Iowa workers who are eligible under the Family and Medical Leave Act are entitled to have as many as 12 workweeks off for a variety of personal reasons. Their jobs will be protected during this time. People who are eligible for FMLA should know the different categories under which they can use their rights to take this time off. One is when an employee has a “in loco parentis” relationship. People who meet the criteria of an in loco parentis relationship can take time off under FMLA to care for the person who was their “parent.” If they are eligible and their employer has not granted this time, they can pursue their rights under FMLA with help from an attorney.
If there is a relationship in which a person places themselves as a parent by fulfilling parental obligations to a child, it is known as in loco parentis. Under FMLA regulations, people who have daily responsibilities for the care and financial support of a child are considered to be in an in loco parentis relationship. There are, however, certain factors that are used to determine whether the person fits into this category. They are: the child’s age; how dependent the child was on the adult; if there was support and how much; and the extent of duties that are generally considered linked to parenthood.
If an employee was cared for by a person who was in loco parentis when the employee was a child, then he or she can take FMLA to care for that person. It is not required for there to be a biological or legal relationship for in loco parentis to be in effect and to warrant time off under FMLA. The employer can ask for documentation with in loco parentis just as it can for a biological parent.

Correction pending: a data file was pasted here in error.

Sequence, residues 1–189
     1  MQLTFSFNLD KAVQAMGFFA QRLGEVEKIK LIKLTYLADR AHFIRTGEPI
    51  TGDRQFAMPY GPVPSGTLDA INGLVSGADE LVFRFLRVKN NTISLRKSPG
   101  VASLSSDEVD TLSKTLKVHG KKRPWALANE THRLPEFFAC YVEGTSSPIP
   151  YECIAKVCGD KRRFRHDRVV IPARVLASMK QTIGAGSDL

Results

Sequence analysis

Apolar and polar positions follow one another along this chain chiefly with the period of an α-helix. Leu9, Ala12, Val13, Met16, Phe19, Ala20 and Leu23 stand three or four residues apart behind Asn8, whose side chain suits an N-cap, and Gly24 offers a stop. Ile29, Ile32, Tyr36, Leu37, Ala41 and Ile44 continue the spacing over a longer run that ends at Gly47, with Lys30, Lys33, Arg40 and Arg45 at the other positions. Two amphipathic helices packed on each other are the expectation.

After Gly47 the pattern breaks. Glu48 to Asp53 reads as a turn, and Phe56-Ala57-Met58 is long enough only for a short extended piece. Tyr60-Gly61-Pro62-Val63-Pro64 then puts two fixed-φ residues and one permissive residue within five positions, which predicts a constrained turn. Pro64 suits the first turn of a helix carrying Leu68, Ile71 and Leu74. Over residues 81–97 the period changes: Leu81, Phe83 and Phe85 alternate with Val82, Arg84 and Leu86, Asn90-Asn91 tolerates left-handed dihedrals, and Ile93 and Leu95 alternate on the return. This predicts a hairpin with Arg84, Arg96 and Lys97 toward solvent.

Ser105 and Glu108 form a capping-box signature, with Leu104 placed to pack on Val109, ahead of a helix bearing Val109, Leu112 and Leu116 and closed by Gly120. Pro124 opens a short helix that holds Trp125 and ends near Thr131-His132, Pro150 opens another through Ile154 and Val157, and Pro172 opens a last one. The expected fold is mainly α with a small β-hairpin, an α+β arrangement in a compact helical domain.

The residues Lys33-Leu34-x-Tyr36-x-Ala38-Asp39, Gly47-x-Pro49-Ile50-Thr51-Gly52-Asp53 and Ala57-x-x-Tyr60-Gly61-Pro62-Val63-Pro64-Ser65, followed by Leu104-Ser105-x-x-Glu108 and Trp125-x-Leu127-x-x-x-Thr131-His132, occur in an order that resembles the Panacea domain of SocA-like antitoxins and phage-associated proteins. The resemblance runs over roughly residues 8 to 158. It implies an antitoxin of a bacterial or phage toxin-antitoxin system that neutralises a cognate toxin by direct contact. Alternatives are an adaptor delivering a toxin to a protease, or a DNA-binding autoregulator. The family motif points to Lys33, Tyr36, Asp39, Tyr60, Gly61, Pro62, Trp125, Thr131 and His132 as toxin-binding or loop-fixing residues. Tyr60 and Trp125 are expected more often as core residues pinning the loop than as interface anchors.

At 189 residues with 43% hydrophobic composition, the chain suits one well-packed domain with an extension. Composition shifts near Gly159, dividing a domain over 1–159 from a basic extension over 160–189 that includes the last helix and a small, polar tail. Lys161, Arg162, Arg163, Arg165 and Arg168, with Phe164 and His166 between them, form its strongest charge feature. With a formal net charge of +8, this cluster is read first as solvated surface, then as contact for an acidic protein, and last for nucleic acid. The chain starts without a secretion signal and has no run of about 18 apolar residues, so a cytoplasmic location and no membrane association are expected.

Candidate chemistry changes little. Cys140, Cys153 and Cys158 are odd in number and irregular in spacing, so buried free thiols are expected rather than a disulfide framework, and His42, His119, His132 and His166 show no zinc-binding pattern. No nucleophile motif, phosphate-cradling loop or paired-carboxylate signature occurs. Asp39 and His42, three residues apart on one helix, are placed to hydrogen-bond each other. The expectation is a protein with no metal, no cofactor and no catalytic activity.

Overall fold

Caring for a person who provided care to a worker as a child in loco parentis is sufficient to be given time off under FMLA. Those who are eligible to use FMLA should know how in loco parentis is assessed under the law. When there are FMLA violations, a lawyer can help a person who had an in loco parentis relationship get time off and use FMLA as needed if all the other requirements are met.
Source: dol.gov, “Fact Sheet #28C: The definition of ‘parent’ as it applies to an individual who stood in loco parentis to an employee for FMLA ‘eldercare’ protections.,” accessed on March 13, 2018